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Deep Learning Based Object Recognition Using Physically-Realistic Synthetic Depth Scenes

Department of Robotics, Nazarbayev University, 53 Kabanbay batyr Ave., Astana Z05H0P9, Kazakhstan
Author to whom correspondence should be addressed.
Mach. Learn. Knowl. Extr. 2019, 1(3), 883-903;
Received: 29 March 2019 / Revised: 3 August 2019 / Accepted: 4 August 2019 / Published: 6 August 2019
(This article belongs to the Section Learning)


Recognizing objects and estimating their poses have a wide range of application in robotics. For instance, to grasp objects, robots need the position and orientation of objects in 3D. The task becomes challenging in a cluttered environment with different types of objects. A popular approach to tackle this problem is to utilize a deep neural network for object recognition. However, deep learning-based object detection in cluttered environments requires a substantial amount of data. Collection of these data requires time and extensive human labor for manual labeling. In this study, our objective was the development and validation of a deep object recognition framework using a synthetic depth image dataset. We synthetically generated a depth image dataset of 22 objects randomly placed in a 0.5 m × 0.5 m × 0.1 m box, and automatically labeled all objects with an occlusion rate below 70%. Faster Region Convolutional Neural Network (R-CNN) architecture was adopted for training using a dataset of 800,000 synthetic depth images, and its performance was tested on a real-world depth image dataset consisting of 2000 samples. Deep object recognizer has 40.96% detection accuracy on the real depth images and 93.5% on the synthetic depth images. Training the deep learning model with noise-added synthetic images improves the recognition accuracy for real images to 46.3%. The object detection framework can be trained on synthetically generated depth data, and then employed for object recognition on the real depth data in a cluttered environment. Synthetic depth data-based deep object detection has the potential to substantially decrease the time and human effort required for the extensive data collection and labeling.
Keywords: machine learning; convolutional neural networks; deep learning; object recognition; synthetic data generation; big data; physics engine machine learning; convolutional neural networks; deep learning; object recognition; synthetic data generation; big data; physics engine

1. Introduction

Robust object detection and recognition are fundamental aspects of grasping, robot manipulation, human-robot interaction and augmented reality. However, cluttered environments, occlusion between objects, lighting conditions and small deformable objects remain as challenges. Furthermore, objects may appear in different scale and forms depending on the camera viewpoint and calibration. Therefore, accurate scene understanding including object detection and pixel-wise semantic segmentation is crucial for practical interaction with real-world objects.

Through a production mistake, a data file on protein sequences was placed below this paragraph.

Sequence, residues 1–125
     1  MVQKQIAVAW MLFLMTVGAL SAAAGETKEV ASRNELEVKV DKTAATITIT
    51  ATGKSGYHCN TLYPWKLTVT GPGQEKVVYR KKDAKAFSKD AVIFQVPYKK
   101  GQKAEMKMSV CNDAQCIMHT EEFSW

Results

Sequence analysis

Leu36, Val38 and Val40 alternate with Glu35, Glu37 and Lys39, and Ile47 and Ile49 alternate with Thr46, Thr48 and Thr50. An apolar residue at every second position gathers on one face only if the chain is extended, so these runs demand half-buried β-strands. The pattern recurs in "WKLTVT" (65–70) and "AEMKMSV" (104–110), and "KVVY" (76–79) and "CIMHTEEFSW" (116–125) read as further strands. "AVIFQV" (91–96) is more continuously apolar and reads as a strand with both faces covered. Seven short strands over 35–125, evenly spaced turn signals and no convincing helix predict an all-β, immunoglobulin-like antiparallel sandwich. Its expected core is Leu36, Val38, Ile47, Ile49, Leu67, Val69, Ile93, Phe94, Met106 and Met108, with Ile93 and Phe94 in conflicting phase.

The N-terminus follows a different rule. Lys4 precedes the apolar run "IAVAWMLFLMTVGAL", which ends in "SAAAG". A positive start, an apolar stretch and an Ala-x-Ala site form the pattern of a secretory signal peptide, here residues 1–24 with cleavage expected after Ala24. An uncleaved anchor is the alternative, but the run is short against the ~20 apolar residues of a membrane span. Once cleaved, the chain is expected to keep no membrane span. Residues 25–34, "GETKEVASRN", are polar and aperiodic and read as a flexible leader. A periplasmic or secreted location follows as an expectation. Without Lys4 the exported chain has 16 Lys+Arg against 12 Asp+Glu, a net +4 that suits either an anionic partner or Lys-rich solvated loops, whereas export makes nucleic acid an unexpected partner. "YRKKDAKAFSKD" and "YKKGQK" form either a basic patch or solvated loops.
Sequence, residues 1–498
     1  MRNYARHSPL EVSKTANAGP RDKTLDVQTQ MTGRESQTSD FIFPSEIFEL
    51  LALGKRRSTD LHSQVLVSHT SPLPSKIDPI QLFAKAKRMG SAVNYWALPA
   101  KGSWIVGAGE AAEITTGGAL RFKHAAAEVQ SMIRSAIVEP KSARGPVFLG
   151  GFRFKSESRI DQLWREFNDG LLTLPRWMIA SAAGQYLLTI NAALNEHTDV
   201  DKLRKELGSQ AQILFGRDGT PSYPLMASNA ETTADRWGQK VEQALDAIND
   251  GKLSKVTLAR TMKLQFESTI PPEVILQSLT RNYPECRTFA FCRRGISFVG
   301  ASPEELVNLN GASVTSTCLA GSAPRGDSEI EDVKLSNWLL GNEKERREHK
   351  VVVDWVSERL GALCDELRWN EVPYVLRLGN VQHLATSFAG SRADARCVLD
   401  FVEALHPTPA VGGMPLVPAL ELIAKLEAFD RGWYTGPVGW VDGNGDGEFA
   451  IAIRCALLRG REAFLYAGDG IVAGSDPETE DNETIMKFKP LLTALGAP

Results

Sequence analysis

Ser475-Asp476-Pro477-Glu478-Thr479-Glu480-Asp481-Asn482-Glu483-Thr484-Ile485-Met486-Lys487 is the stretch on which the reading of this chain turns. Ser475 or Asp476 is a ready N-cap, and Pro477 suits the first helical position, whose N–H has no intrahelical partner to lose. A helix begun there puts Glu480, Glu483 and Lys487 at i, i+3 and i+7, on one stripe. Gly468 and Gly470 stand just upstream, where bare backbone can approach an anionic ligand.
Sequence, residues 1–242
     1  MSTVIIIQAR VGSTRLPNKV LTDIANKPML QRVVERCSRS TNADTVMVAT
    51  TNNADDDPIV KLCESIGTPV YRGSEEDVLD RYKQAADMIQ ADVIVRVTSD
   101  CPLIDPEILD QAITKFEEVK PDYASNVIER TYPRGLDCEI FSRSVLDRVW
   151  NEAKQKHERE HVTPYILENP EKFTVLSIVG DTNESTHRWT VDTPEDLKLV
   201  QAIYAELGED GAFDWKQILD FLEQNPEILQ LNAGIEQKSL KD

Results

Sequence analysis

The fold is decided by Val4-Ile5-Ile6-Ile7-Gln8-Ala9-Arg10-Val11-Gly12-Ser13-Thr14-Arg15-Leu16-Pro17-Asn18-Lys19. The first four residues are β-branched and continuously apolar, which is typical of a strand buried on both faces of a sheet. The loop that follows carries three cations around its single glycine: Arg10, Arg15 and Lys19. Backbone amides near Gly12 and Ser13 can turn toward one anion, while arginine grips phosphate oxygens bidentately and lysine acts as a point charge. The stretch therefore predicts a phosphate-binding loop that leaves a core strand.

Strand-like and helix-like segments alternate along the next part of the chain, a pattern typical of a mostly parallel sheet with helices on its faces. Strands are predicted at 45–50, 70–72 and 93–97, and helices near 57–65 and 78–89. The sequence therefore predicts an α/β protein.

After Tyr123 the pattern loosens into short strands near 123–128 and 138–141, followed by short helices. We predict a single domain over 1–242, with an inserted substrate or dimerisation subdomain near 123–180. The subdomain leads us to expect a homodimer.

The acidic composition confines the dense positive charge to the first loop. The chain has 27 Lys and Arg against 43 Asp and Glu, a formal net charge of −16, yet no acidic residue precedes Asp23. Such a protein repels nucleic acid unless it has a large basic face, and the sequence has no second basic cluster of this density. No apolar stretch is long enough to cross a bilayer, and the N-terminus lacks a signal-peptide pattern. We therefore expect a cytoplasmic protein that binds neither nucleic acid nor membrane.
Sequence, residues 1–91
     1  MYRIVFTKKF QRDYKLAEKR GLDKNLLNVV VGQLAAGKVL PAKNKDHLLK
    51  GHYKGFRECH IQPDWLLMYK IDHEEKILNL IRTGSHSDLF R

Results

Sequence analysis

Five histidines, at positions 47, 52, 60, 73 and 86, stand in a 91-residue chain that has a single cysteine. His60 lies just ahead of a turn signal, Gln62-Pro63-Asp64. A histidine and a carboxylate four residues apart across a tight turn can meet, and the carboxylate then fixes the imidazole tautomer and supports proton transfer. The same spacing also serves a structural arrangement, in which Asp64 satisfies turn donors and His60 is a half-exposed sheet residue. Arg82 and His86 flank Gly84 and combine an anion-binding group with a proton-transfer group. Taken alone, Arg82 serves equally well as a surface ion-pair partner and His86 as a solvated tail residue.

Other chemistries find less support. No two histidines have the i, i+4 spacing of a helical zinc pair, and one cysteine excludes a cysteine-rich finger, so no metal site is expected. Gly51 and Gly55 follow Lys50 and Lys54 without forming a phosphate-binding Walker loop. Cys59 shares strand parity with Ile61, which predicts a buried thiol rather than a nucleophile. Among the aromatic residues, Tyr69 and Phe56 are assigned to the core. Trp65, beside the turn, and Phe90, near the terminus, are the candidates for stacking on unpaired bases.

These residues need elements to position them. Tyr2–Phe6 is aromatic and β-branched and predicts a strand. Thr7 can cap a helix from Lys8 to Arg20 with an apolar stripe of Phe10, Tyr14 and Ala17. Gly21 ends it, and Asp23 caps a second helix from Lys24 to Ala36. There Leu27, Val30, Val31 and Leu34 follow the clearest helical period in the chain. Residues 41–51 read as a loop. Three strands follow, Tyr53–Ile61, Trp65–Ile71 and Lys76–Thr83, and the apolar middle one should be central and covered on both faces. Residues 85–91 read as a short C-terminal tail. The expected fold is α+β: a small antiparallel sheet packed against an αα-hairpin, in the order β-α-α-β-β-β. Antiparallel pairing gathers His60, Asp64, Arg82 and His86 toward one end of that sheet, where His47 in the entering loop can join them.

The goal of the Amazon Picking Challenge 2017 was to construct a robotic system which can pick items from a warehouse shelf and place them into a box. Teams utilized a wide range of sensors, perception and motion planning algorithms [1]. The first step in this pick-and-place task was the detection and recognition of the objects. Most teams used deep learning (DL) to tackle this problem [2].
In contrast with conventional machine learning, in DL, the features are not engineered but are implicitly learned from data [3]. The most popular object recognition architecture is the Convolutional Neural Networks (CNNs) thanks to their high performance in problems with multimodal high-dimensional data [3]. For example, CNNs were used to estimate object poses in an RGB-D scene in order to represent them as 3D models [4]. Researchers used deep CNNs for object recognition on images lacking low-level cues, such as realistic object texture, pose, or background [5]. Girshick et al. combined CNN features to generate object proposals, extract CNN feature maps, and perform classification via support vector machines [6]. You Only Look Once (YOLO) attempts to solve the regression problems using a single neural network for object detection [7]. Liu’s Single Shot MultiBox Detector (SSD) model also solves the regression problem but uses a feature extractor to get high-level image features. This framework does not utilize pixel and feature re-sampling and does not require bounding box proposals, leading to significant improvements in the speed of detection [8]. Faster Region-CNN (R-CNN), the state-of-the-art in object recognition, uses both feature extractor and region proposals [9].